Ice Dams & Winter Work

Ice Dams - The Cold, Hard Facts

For nearly four decades, we have dealt with Minnesota winters from the rooftop. We don’t settle in for long winter naps. Minnesota winters are legendary. Extreme winter conditions will challenge even the best-constructed buildings. We will share with you our knowledge & experience in dealing with ice dams. The good news is that you can “minimize” the elements that create roof ice to a point where the chance of roof leaks is near zero. Again, near zero. We are always careful with the word “eliminate” when dealing with ice dams.

Throughout the years we have removed roof ice from many building types that had excellent insulation. The steep slope structures were built with energy heeled trusses and a solid wind wash barrier @ the exterior wall. The low slope roofs were properly engineered to drain and not have ponding issues. There was excellent ventilation in the attic space that created a uniformed & correct airflow from bottom (the eave/overhang) to the top (the peak/ridge). There was a difference though. The buildings that engineered with the best insulation, ventilation and detailed roof installations have minimal ice. Minimal ice means minimal chance of leaks & resulting damage.

“Eliminate” ice dams? Very difficult.

There are three items that when constructed to the best possible finish can “minimize” the elements that create roof ice

1) Insulation - Not just the minimum.

Upgrade/add if your budget allows. An R-50 plus would be ideal. Be very detailed & complete at bypasses/penetrations and exterior wall/eave assemblies. Exterior wall plates and soffit chutes sprayed in with polyurethane foam (SPF). Excellent ROI.

2) Ventilation - A uniform & correct airflow.

A correct airflow is a straight line from eave/soffit to the ridge/peak or side to side as with gable end louvers. Attic spaces can be sectioned with poly sheeting to achieve a uniform airflow. Do not disturb firewalls when adding vents. Intake (eave) and Exhaust (peak) should be balanced. Do not mix and match vent types, airflow will not exhaust in a uniform manner.

3) The Roof System – Workmanship Excellence

Steep Slope - Additional ice shield at bathroom/dryer exhaust vents and roof sections under drip/drain lines. Detailed workmanship – underlayment (ice shield, felt & papers) should be complete to all perimeter edges before installing drip edge or gutter aprons. Turbine vents are excellent when a greater draw is needed from eave to peak.

Low Slope - Low slope/flat roofs should be engineered to eliminate ponding & drain properly. Get the vapor barrier right. The membrane should be complete at all perimeter and parapet assemblies. Insulation should be detailed & complete. A quality, detailed insulation assembly will not cost, it will pay.

If you are a DIY (insulation/ventilation), check with your local building official for required permits and inspections. In multi-family or commercial buildings, it is critical that items such as firewalls and clearance to combustibles be maintained or properly constructed. Please, always do it safely.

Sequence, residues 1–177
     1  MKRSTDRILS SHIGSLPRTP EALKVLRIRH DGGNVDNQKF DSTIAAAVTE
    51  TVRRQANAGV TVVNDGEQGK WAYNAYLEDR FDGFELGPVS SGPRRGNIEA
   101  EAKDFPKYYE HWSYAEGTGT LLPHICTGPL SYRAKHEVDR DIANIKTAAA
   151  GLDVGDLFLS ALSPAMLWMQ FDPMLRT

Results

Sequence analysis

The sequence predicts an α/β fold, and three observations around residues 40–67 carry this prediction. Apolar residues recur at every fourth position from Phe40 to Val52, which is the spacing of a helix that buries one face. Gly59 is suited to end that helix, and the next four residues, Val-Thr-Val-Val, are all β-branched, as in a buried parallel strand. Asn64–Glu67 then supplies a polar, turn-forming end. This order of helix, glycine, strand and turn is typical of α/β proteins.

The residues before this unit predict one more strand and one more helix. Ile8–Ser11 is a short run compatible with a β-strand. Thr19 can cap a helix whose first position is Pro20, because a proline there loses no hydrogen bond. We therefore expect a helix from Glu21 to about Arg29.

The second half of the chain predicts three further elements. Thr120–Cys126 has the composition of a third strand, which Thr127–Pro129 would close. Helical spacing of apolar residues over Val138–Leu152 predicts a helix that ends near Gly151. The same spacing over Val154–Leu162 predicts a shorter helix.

Removing Snow and Ice – Proactive or Reactive?

In a perfect world it would be ideal if you could completely clean every roof after every snowfall. Fortunately, this is not necessary. A mix of being proactive and reactive can keep everyone dry, on budget and avoid devastating/expensive insurance claims.

It is always best to promptly remove snow before it becomes ice. The man-hours required to clean snow from a roof section will always be less that it would to remove/channel an ice dam. Snow should be shoveled 4-8 feet back from the outside wall. Remove snow from valleys, drip/drain lines and bathroom/dryer exhaust vents. Be thorough with the snow removal. Exposed shingles will heat up (even in extreme cold) and allow the sun to do much of the work.

If your budget does not allow for continual (proactive) snow removal it is important to monitor the roofs for excessive snow and ice build-up. If/when there is ice damming or a leak call has occurred remember this:

Ice can be removed by Steam or by Hand. There are pros & cons to both methods. Remember - It’s not the tool; it’s the guy using it.

You do not need to remove all of the ice. You need to get the water to drain. Cut vertical channels (Steam or by Hand) in the ice dam. Drain channels should be cut a minimum of 1 foot wide. Do not remove ice from gutters. It is time consuming (costly) and unnecessary. Any melt/run-off will flow over the gutter.

Ice melt socks can be used to cut or maintain drain channels. Socks are excellent for flat roof scuppers/drains. Try to use socks minimally. If gutters are present aluminum will not rust but may scald if too much ice melt is used. If you need larger amounts of ice melt/socks, try to stay away from Calcium Chloride (CaCi). It works well but can be more corrosive. Try to use an ice melt that has Sodium Acetate (NAAC) or Calcium Magnesium Acetate (CMA).

Most important of all is only those who are experienced and properly insured should ever be on your roof. Please stay safe, warm and dry this winter.

Remember- Roof systems should be engineered to shed water, not hold excessive ice & water until spring comes.